The bonus in driving the speed limit is one I already knew and had forgotten in my rush to get "there" quickly: slowing down means you see more. I wouldn't have noticed the almost full moon hanging chalky and white in a winter afternoon sky if we'd been whizzing along so fast, and I certainly wouldn't have bothered to stop and shoot this photo. Half an hour later and twenty-five miles up the road, that same moon hung silver in a lavender sky over rose-blush pink peaks, and we stopped again. That shot graces the cover of my upcoming memoir. Slowing down gave me a gift of beauty I treasure.

Slowing down makes driving less exhausting all around--in terms of mental and emotional energy, use of fuels distilled from the bodies of those ancient plants, and in sharing the road and the landscape with other vehicles and other species. And it gives us the gift of increased awareness of the places we travel through. That's a wonderful return for the simple act of living more generously.


turtlewoman said...

Good morning Susan and happy holidays to you and Richard.

We also have a silver Subaru Forester and have discovered the same thing: decreased speed = increased mpg.

What mountain range are we looking at in the picture in this post?

Lindy in AZ

Susan J Tweit said...

Hi, Lindy,

The mountain range in the lower photo is the Sangre de Cristos, from the San Luis Valley between Crestone and Moffat. We love our Forester, though it's dirt brown, not silver. (Dirt brown matches the dirt it picks up on the back rounds better!)

Tonight we will light more than a hundred luminarias, tiny candles sitting on a bed of sand, each in their own paper bag, for our annual "Light the Darkness" celebration with friends and family. That's a tradition we brought north from our years in Southern New Mexico. I bet you see loads of luminarias there in Arizona (we do ours on Solstice instead of Christmas Eve though).

Happy Solstice to you and yours! usan

eduardo said...

In an interview with Terry Tempest Williams, she mentions (I think it's) Eliot Porter's saying he never drove faster than 35 mph, because otherwise he didn't see anything.
Of course, this "need for speed" infests much more than our driving, and it's more than roadkill that's strewn in our resulting wakes. (In an essay about a decade after the interview, TTW asked, "Who told us to wear running shoes at work?")
I'm recalling the first part of the Hippocratic Oath: Do no harm.
And so we go....

Susan J Tweit said...

Yes, that's something the photographer Eliot Porter said more than once. Then there's Barry Lopez' beautiful book, Apologia, an extended meditation on the roadkill he encountered on one trip from Oregon to the East Coast. Before I knew of that book, I wrote an essay called "Picking Up Roadkill," on a similar theme. How we live our lives says so much about who we are--we can be less heedless and more generous if we choose to be.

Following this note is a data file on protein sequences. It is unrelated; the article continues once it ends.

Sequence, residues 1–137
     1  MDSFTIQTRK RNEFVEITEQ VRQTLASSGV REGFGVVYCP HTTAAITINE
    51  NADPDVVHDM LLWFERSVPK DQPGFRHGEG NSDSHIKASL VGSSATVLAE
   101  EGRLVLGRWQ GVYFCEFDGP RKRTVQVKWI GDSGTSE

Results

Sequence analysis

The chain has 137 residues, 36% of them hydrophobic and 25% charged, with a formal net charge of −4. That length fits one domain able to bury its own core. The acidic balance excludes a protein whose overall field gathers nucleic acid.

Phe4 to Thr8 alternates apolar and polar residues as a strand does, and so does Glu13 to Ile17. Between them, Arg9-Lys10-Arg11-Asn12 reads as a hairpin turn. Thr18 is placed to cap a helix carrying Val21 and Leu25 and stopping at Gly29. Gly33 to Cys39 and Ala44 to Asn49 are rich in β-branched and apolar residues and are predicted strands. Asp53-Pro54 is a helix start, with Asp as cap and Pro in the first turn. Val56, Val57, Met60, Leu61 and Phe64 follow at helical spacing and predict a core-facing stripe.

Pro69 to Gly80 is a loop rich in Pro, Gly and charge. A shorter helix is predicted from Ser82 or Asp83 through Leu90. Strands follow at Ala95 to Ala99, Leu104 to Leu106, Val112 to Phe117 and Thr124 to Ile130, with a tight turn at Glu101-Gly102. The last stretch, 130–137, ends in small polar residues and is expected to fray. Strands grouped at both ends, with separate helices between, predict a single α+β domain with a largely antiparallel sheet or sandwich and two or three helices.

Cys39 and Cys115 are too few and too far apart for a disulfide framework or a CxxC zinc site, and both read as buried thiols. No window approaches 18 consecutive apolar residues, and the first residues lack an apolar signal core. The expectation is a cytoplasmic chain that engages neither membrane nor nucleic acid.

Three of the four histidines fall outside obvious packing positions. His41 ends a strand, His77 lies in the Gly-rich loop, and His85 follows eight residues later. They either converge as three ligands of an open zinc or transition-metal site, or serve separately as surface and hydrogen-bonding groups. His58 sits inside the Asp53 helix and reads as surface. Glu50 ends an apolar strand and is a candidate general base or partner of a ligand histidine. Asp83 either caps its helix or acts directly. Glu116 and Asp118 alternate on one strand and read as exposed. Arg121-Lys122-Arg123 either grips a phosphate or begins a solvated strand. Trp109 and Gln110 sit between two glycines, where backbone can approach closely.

turtlewoman said...

Good morning to both Susan and Eduardo -

Dirt brown Suby would work well here in the desert also :-D

Luminarias - thousands here in AZ. We live in a small house that was already built in the middle of a rural area in the desert. Javelinas and coyotes eat and/or destroy everything we try to put out so we do not have luminarias. I do love them. What a wonderful tradition you are following and best on the Solstice.

Roadkill - we try to always remember to carry a small shovel and gloves. We have rescued many a desert tortoise and tarantula from certain death on the highways and have buried numerous other creatures who have not been so fortunate. My most recent was a beautiful gray fox. I moved him off the road and buried him in a shallow grave near the shoulder. I had read of this practice many years ago in one of Barry Lopez's books - don't remember which one now - and we have tried to do this ever since.

Susan - thanks for the answer as to which mountain range. Doug thought it might be the 14ers (he thought he recognized the Angel) - I'll tell him.

Lindy - 29 degrees here this morning

Susan J Tweit said...

Barry's talked about moving road-killed wildlife out of harm's way in several of his books, Lindy. You might look for Apologia, his meditation on the carnage he saw on one cross-country trip. It's a beautiful tribute. Bless you for being so observant and respectful of the lives who intersect ours on the roads.

I'm interested that you bury the dead ones you find. I leave the bodies out so that they can feed other creatures--ravens, vultures, coyotes, wolves, and even bears all feed on carcasses, along with lots of smaller critters. Burying them deprives all of those lives of the food they depend on. It's just part of the cycle of life.

Stay warm! Susan